The Oregon Trail: American Settler is an exceptionally good FrontierVille clone

Let’s get something out of the way right up front: The Oregon Trail: American Settler is a cookie cutter copy of Zynga’s Frontierville. Now that we’ve acknowledged that, there are a few other things we should acknowledge too. Like the fact that the game was developed by Gameloft, one of the few companies that can somehow simultaneously clone a game and yet make it better. Or the fact that by adding The Oregon Trail license, they’ve managed to steer an existing franchise into a sensible new direction.

Despite its massive popularity on Facebook, we haven’t really seen a FrontierVille clone on the App Store – at least not until now – and The Oregon Trail: American Settler manages to copy the formula without missing a beat. If it were just a straight rip off though, there really wouldn’t be much to crow about here. Thankfully the folks at Gameloft had the good sense to take elements from The Oregon Trail franchise and mix them into the FrontierVille formula to create something familiar, yet fresh enough to not feel like a straight cut and paste job.

Having just braved the Oregon Trail – presumably after playing The Oregon Trail – players will take their family and their rickety old wagon and attempt to settle the area and live off the land. You’ll chop trees, plant crops, and hunt animals – all in an effort to provide for your family. Pretty soon there’ll be more than your family to worry about, as new buildings will up your population and your little settlement will quickly grow into a thriving community.

Different buildings that you’ll construct will often allow you to produce different items that will become an integral part of the game. Should a townsperson get sick, for example, you’ll want to have an infirmary built so that you can make some medicine. But that medicine can only be made if you have so many herbs, and those herbs can only be made if you have so much lumber. Likewise, other buildings may have certain requirements to operate, like the Market, which requires that you stock it with food regularly. It’s this chain of supply that’s largely at the root of American Settler, and it manages to keep things interesting in a way that makes players feel as though they’re doing more than simply tapping on buildings to collect funds, if only slightly.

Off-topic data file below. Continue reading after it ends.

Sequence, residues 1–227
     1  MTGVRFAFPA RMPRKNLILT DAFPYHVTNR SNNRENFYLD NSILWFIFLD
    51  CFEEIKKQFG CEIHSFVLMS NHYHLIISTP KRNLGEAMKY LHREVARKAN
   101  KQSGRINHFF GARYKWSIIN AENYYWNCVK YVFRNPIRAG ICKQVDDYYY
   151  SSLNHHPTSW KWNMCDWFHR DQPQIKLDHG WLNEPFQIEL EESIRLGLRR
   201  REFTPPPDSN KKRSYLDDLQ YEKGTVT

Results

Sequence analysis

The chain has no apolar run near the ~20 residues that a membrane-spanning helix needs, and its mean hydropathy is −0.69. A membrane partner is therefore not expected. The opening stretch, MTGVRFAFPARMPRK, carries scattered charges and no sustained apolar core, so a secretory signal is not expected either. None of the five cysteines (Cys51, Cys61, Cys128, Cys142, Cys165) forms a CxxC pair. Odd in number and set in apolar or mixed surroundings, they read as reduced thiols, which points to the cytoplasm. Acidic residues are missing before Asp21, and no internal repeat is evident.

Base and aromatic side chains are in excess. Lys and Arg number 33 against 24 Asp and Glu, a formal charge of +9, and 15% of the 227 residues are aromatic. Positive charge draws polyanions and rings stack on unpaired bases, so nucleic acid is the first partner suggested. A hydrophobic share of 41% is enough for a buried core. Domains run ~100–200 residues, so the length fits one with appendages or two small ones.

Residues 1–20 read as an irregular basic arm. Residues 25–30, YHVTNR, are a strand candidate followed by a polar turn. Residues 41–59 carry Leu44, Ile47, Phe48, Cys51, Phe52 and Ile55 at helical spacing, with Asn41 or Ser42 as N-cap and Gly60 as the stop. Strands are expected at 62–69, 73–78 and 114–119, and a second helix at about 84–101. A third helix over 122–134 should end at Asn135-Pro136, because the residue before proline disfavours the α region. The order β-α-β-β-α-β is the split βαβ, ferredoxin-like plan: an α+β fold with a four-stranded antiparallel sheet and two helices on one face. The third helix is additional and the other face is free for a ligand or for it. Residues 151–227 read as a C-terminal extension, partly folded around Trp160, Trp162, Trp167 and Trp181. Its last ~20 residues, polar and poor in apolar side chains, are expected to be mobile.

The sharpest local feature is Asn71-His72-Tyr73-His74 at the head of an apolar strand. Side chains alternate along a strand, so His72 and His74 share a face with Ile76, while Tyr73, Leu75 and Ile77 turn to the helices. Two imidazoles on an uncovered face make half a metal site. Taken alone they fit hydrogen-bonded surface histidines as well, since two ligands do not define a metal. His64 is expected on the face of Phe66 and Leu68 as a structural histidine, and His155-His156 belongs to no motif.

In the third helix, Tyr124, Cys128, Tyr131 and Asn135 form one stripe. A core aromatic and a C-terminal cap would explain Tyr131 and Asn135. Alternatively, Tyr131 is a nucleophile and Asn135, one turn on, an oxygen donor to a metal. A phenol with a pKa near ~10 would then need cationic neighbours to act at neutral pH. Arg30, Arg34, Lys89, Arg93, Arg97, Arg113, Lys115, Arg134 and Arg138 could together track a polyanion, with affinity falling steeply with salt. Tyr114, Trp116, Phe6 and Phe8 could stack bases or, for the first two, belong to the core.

At this point in the review, the game sounds strikingly similar to FrontierVille. If you’re surprised by this fact, you probably missed the opening paragraph. But where The Oregon Trail: American Settler sets itself apart is by embracing… well… The Oregon Trail.

 American Settler

 American Settler

Townsfolk getting sick? Don’t be surprised if it isn’t from illnesses already associated with the series like cholera and dysentery. Elements of the classic game like this pop up every so often, giving veteran players a reason to smile while at the same time providing a welcome break from the familiar FrontierVille experience for those who’ve never braved the Trail.

The biggest Oregon shaped twist, though, is in the major events the game throws at you from time to time. Maybe there’s a flood coming. Maybe someone in the town is looking at somebody else’s wife funny. Whatever the situation, players will be given three options to handle it as they see fit. Each response has its own cost associated with it, and the cheaper the cost the higher the risk. Choose poorly and you could end up losing crops, or worse.

The game maintains the same style and visual polish of Gameloft’s earlier mobile adaption of Oregon Trail, so, as you’ve probably guessed, it’s not exactly hard on the eyes. Likewise, the soundtrack offers up a perfectly suitable western twang.

Is The Oregon Trail: American Settler a terribly original release? No. But once you accept what it is – a clone of a great game that’s not available on mobile devices yet – it becomes fairly easy to appreciate what Gameloft has delivered here. Mix in some fun Oregon Trail elements, and you’ve got a recipe for a terrific little social game about settling the Old West.